Unilever scales up energy and climate commitments

Reading time: 4 minutes
27 November 2015

LONDON: Consumer food multinational Unilever, a partner of The Climate Group's campaign RE100, has announced today it is to become ‘carbon positive’ in its operations by 2030 – meaning that it will save more emissions than it produces.

To do this, the company will source 100% of its energy from renewables by 2030, source 100% of its electricity purchased from the grid from renewables by 2020, eliminate coal from its energy mix by 2020 and directly support the generation of more renewable energy than it consumes and make the surplus available to the markets and communities in which it operates.

Unilever is already committed to 100% renewable power as part of The Climate Group's campaign RE100. It currently sources all of its grid electricity from renewable energy in Europe and the US, and Unilever Japan is to become the first Unilever business to switch to 100% renewable power for all its domestic operations.

The company had previously set an interim target to source 40% of its electricity globally from renewable energy by 2020. Today’s announcement strengthens its commitment by setting an end goal for 2030, when all of its electricity will need to come from renewables, and a bolder interim target for 2020.

The Climate Group's CEO Mark Kenber welcomed the announcement: "It's fantastic and encouraging that Unilever is making such ambitious climate and energy commitments - leading by example in the drive to a low carbon economy. 

“Unilever was already committed to using 100% renewable electricity as part of the RE100 campaign – today's announcement goes much further and sets out a clear trajectory for action. 

“Forward thinking companies are signalling loud and clear to governments meeting in Paris that they want green to be the direction of travel."

Looking to COP21

As part of its announcement Unilever acknowledges that much has changed since it launched its Sustainable Living Plan five years ago, and that while there is growing optimism for a strong climate agreement to come out of COP21 climate talks in Paris over the coming fortnight, the company wants to “go further and faster in the areas over which we have direct control.”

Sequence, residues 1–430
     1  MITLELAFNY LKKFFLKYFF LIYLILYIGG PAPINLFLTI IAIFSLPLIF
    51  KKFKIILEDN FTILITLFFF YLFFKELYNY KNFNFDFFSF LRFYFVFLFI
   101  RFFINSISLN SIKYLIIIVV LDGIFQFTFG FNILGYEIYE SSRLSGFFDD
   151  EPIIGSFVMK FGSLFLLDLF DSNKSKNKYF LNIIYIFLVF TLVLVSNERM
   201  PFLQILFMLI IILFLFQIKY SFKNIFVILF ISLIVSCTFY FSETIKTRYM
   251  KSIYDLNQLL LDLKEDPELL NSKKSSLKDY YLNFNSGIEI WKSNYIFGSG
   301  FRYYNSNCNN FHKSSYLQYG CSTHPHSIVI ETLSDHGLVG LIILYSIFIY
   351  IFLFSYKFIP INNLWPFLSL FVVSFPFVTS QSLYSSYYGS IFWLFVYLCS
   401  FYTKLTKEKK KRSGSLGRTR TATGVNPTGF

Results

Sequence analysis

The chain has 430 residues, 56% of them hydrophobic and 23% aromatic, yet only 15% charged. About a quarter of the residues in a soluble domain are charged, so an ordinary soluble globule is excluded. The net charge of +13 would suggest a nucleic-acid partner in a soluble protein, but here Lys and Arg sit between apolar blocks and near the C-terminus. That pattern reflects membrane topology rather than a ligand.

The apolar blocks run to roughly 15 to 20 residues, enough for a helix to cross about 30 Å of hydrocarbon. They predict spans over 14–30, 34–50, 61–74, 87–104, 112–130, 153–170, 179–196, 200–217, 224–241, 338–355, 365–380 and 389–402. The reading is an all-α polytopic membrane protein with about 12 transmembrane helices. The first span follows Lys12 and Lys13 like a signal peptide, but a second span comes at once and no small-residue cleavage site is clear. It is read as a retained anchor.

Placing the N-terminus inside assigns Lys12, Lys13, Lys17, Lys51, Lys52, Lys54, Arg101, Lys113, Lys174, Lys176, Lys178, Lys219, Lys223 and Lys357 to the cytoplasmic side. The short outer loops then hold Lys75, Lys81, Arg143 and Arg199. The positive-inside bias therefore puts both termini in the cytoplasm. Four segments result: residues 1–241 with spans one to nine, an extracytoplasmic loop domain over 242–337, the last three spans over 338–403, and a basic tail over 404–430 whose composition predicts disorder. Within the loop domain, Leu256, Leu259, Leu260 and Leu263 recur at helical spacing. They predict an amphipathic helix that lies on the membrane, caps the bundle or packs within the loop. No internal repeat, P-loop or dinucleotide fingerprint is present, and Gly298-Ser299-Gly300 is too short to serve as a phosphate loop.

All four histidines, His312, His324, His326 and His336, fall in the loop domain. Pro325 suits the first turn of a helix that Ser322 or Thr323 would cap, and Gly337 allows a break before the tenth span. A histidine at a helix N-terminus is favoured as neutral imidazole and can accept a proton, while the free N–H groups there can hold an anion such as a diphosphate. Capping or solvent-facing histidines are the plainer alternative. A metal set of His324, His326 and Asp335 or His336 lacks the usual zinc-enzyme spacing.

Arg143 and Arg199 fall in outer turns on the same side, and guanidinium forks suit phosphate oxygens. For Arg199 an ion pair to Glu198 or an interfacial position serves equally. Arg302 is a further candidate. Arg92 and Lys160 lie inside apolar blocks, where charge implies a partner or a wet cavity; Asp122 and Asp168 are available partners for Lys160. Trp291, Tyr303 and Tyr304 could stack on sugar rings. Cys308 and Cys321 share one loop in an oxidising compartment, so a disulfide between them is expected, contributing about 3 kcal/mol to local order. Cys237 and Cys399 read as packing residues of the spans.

A company briefing says: “We hope our ambitious move forward will both encourage others to do the same and give confidence to leaders attending Paris that business supports and is planning for an accelerated decarbonisation of our economy.”

Net positive energy

Unilever says that to reach its 2030 energy target it will source a mix of purchased and self-generated renewables. The company intends to become a ‘net positive’ generator, supporting the generation of more renewable energy than it consumes and making the surplus available to the markets and communities in which it operates. By 2020, it expects to be powering more than 50% of its total energy consumption (heat and power combined) from renewables.

The company says that its success on being 100% renewable by 2030 “depends in part on the broader changes taking place in energy markets worldwide”.  But by setting an overall target year, Unilever is sending a strong signal to the different markets it operates in that it wants renewable energy – and its own investments will keep driving down costs.

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